• 11:00 acceleration
  • 10:00 at low intensity
  • 6:00 acceleration
  • 10:00 at low intensity
  • 3:00 acceleration
  • 10:00 at low intensity

If you’re not quite ready for this much pain, test the waters with just two accelerations, starting with 3:00 and 6:00 and advancing to 3:00 and 11:00 and then 6:00 and 11:00. You can also find a running plan that balances long accelerations with lower intensity workouts here.

2. Stretch Intervals

Stretch intervals are time-based high-intensity intervals in which you aim to cover slightly more distance in each repetition, the last of which is a maximal effort. An example is 5 x 2:00 at high intensity with 3:00 active recoveries. Normally, you’d aim to complete each interval at the same high (but submaximal) output. But when you convert this workout to stretch intervals, the first rep is done at a slightly lower output to leave room for four subsequent speed increases. The session as a whole, therefore, is neither harder nor easier than a traditional interval set, but those last two intervals — and the last one in particular — are “sufferfests”.

Virtually any workout featuring time-based intervals of uniform duration can be done in stretch format. Hill repetitions work especially well. It helps to have some way to mark the endpoint of each rep so you can ensure you cover just a bit more distance in each. I like to use brightly colored socks.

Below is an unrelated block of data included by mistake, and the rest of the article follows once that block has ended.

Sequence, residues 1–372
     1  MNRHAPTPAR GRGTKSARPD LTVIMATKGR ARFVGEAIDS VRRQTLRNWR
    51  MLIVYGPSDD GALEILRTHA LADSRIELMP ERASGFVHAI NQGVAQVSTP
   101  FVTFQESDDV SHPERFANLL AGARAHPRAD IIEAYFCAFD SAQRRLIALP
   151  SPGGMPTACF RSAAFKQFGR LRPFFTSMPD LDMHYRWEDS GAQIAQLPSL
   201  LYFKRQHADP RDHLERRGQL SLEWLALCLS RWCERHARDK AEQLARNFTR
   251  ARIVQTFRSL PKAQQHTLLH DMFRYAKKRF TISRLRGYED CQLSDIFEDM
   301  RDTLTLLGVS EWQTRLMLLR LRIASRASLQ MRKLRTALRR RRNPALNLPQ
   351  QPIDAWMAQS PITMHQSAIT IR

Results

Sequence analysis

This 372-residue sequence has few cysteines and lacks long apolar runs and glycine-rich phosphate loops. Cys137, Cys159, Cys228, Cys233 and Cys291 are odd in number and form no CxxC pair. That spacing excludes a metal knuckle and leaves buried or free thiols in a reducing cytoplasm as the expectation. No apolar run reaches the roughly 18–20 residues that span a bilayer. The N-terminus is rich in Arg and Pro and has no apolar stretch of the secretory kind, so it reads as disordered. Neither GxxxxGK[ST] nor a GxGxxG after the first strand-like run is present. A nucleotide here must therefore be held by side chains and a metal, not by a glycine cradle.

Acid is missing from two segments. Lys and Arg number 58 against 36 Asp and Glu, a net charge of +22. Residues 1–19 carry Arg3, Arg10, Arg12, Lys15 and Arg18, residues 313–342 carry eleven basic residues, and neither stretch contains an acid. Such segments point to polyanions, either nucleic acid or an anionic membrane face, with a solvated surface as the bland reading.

3. Open-Loop Progression 

If you’ve ever done a VO2max test, you know what an open-loop progression is. Also known as graded exercise tests, open-loop progressions have no predetermined endpoint. You just keep increasing the intensity in fixed increments until you are no longer able to continue. Like any workout that ends in “failure,” open-loop progressions hurt, but as with long accelerations and stretch intervals, the real suffering is concentrated at the very end, so the actual stress imposed is quite reasonable. 

It’s best to do open-loop progressions in a venue that allows for precise control of your output, such as indoors on a treadmill or wind trainer. All kinds of variations are possible, but it’s best to keep the stages fairly short (1-3 minutes) and the output increases small but not too small (15-20 watts on the bike, 0.2-0.4 mph on the treadmill). After warming up, start the first stage at a normal aerobic intensity and ratchet up from there, continuing until you can’t. Give yourself a minute or two to recover and then cool down.

Pain Self-Efficacy

In pain science, the term “pain self-efficacy” is used to refer to the belief in one’s ability to function normally despite pain. A slightly different kind of pain self-efficacy comes as a secondary benefit of practicing suffering in workouts. When you make the choice to do workouts like those I’ve described, you not only boost your pain tolerance but also come to see yourself as tough and courageous, which comes in handy when you find yourself deep in the pain cave in competition. You may curse me while doing long accelerations, stretch intervals, or an open-loop progression, but you’ll thank me on race day.

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Trainingpeaks Author Matt Fitzgerald
About Matt Fitzgerald

Matt Fitzgerald is a journalist, author, coach and runner specializing in the topics of health, fitness, nutrition, and endurance sports training (read more about Matt on his blog). Matt uses TrainingPeaks to train, coach and deliver pre-built training plans for runners including training plans built specifically to be used with a Garmin Forerunner. View Matt’s 80/20 running plans here and his 80/20 triathlon plans here.